Through its communication of scientific and societal issues to nonresearch audiences, HGMIS seeks to increase public literacy in genetics, thus laying a foundation for more informed personal decision making and policy development. The hope is to maximize HGP benefits while simultaneously protecting against misuse of personal genetic information. To meet the coming flood of court cases involving genetic evidence, since 1995 HGMIS has been participating in a project to educate judges on the basics of genetics and gene testing. Recently, HGMIS has established genome Web pages for the medical community to help them prepare for the new era of molecular medicine.
Print and Electronic Information Resources
Publications. A forum for the wide exchange of knowledge, Human Genome News (HGN) uniquely presents a spectrum of genome-related topics not found in any other single resource. More than 75% of HGN's diverse body of 15,000 domestic and foreign subscribers are non-HGP scientists who would not find this information in their discipline-specific publications. HGMIS also produces the DOE Primer on Molecular Genetics, progress reports on the DOE Human Genome Program, contractor-grantee workshop proceedings, one-page topical handouts, and other related resource material.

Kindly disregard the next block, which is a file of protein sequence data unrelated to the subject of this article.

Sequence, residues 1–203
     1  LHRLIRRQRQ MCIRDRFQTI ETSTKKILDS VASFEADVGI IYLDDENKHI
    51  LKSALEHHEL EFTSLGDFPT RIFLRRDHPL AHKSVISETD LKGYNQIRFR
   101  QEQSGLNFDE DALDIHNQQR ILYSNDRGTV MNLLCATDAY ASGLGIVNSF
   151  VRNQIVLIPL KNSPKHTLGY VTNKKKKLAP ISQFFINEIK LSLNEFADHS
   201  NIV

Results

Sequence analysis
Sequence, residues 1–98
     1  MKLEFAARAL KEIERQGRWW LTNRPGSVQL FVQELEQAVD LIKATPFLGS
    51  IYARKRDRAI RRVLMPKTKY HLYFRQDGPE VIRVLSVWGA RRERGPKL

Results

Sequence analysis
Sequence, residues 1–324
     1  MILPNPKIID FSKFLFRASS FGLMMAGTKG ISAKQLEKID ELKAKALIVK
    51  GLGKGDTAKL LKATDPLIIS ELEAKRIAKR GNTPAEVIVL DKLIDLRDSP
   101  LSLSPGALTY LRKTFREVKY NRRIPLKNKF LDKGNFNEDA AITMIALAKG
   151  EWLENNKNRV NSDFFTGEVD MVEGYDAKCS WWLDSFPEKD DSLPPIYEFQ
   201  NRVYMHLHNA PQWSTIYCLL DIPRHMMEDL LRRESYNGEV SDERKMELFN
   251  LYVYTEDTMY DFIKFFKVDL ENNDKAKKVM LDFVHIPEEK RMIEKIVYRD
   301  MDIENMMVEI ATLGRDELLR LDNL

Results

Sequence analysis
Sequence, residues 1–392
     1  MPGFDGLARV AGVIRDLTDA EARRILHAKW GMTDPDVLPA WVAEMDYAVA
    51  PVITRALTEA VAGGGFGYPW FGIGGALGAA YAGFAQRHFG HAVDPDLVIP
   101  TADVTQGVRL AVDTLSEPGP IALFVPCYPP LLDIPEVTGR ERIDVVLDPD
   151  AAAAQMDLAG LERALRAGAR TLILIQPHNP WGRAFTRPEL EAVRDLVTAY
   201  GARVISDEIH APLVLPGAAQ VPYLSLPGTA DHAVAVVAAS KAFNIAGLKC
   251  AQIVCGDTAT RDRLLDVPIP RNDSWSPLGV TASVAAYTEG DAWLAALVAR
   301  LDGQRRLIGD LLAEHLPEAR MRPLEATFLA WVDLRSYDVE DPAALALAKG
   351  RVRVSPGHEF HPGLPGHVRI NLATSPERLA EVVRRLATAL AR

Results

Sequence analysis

Document Distribution. In addition to HGN, HGMIS has distributed more than 175,000 copies of publications requested by subscribers, meeting attendees, and managers of genetics meetings and educational events. About 120 such requests are processed each month.
Electronic Communication. Since November 1994, HGMIS has produced a comprehensive, text-based Web server called "Human Genome Project Information." Through its newly created "Research in Progress" site, the HGMIS server is devoted to topics relating to the science and societal issues surrounding the genome project. The HGMIS Web sites contain more than 1800 text files that are accessed about 3 million times a year. Each month, around 15,000 host computer domains connect to the HGMIS server directly or through more than 2400 other Web sites. HGMIS also maintains Web pages on the human and microbial genome programs, bacterial artificial chromosomes, cDNA full-length sequencing, and genomics meetings for DOE as well as the Genetics section of the Virtual Library from CERN in Switzerland. HGMIS moderates the BioSci Human Genome Newsgroup.
Direct Information Source. Staff members answer individual questions and supply other information about genetics and the Human Genome Project. Around a hundred such queries are received each month via the Website, fax, and telephone. HGMIS reaches diverse scientific and educational groups when the DOE Human Genome Project traveling exhibit and posters are displayed at conferences and public meetings and when staff members make presentations to educational, judicial, medical, and other groups. As more people become aware of the HGP's impact, HGMIS is striving to strengthen the content relevancy of its services to meet the growing and varied demands for information. Comments and suggestions are appreciated.